Nine years in the making: the Sherbrooke Protestant Hospital
15 août , 2016
This July marked the 120th anniversary of the official inauguration of the Sherbrooke Protestant Hospital, which had its beginnings rooted nearly a decade earlier, in 1887. The impetus for the hospital was two-fold: Chiefly, fast-growing cities, such as Sherbrooke in the 1860s and 1870s, with their closely-populated neighbourhoods and lack of city-wide sanitation, were especially good places for contagious disease epidemics, such as smallpox and typhoid fever. The establishment of hospitals allowed for the treatment and quarantine of infected people. Secondly, and more specifically, the prominent Sherbrooke businessman Richard W. Heneker felt strongly that the Protestants of the area should contribute to the health care of their fellow brethren with the establishment of a hospital.
These things came together so that by 1887, the general public sentiment was in support of a Protestant hospital to complement the work being done by the Catholic Hospice du Sacré-Coeur. A site for this new hospital was chosen, consisting of 13.8 acres overlooking the St. Francis River on Pine Street (later Park Ave. and now rue du CEGEP), and funding-raising began in earnest. However, it was not until Heneker, himself, gifted over half of the funds necessary that the hospital Corporation could finally purchase the property.
The Sherbrooke Protestant Hospital was officially incorporated in 1888 but it would be seven years before the building was completed and yet another year before it was officially opened. After nine long years, the grand opening was met with excitement as long-time supporters gathered on the hospital lawn on July 8th,1896 to see how their work had finally come to fruition.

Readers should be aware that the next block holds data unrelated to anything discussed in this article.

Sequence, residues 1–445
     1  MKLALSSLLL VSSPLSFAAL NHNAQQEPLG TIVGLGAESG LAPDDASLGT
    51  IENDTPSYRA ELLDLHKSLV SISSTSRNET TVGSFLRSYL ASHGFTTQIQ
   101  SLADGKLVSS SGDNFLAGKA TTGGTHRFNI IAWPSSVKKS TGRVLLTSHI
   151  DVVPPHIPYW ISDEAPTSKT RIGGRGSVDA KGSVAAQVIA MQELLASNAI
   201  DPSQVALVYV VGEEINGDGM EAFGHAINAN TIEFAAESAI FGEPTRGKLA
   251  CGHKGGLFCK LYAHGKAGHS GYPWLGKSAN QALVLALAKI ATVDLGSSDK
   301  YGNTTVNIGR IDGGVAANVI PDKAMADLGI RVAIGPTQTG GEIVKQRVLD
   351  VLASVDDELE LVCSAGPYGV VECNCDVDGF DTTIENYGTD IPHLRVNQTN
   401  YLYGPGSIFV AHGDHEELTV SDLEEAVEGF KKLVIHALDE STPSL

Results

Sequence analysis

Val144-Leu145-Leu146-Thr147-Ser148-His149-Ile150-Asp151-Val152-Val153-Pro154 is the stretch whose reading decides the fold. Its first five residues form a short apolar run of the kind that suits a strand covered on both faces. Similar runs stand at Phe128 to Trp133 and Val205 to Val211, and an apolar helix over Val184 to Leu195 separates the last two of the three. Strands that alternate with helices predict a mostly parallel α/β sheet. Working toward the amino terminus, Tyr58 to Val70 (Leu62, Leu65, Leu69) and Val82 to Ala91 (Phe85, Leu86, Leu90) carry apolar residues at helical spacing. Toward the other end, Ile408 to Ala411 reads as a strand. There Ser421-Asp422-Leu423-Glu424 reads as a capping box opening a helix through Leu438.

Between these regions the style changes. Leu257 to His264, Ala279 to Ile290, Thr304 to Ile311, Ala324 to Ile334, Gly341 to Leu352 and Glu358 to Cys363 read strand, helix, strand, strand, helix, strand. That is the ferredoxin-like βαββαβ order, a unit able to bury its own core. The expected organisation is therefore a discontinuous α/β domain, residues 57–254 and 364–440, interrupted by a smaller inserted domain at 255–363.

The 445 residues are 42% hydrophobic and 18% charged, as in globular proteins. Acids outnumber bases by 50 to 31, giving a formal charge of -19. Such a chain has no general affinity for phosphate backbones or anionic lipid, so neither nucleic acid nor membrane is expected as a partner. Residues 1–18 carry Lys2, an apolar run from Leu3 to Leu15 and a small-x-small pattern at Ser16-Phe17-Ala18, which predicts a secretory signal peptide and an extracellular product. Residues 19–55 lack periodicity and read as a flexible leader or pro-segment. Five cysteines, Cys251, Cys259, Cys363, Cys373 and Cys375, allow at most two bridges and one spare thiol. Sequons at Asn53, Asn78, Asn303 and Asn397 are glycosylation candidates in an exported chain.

The original hospital consisted of two wards, with a capacity of 14 patients, an operating room, a nurses’ and servants’ quarters, dining room, electricity, hot and cold water, bathrooms, and a modern laundry. The first doctors of the hospital were A Norreys Worthington, Frederick J. Austin, W.D. Smith, and William A. Farwell. Notwithstanding its name of the “Sherbrooke Protestant Hospital,” the governors emphasized that it would serve the people of all the Townships, regardless of their religion.
The hospital governors spoke with pride of the public contributions and generosity that was the source of the vast majority of the funds, totalling $20,826, needed to bring the hospital into being. In the following years, fees paid by patients covered only one third of the expenses and, so, it was a continual exercise through private donations and philanthropic organizations to keep the hospital in good financial standing.
For 18 years, this first hospital building served the population until the region’s needs outgrew its capacity. In 1914, a new hospital was inaugurated as the “Sherbrooke Hospital,” again largely the result of donations and special gifts. This building was followed by a third and final building in 1951, built on Argyle Avenue.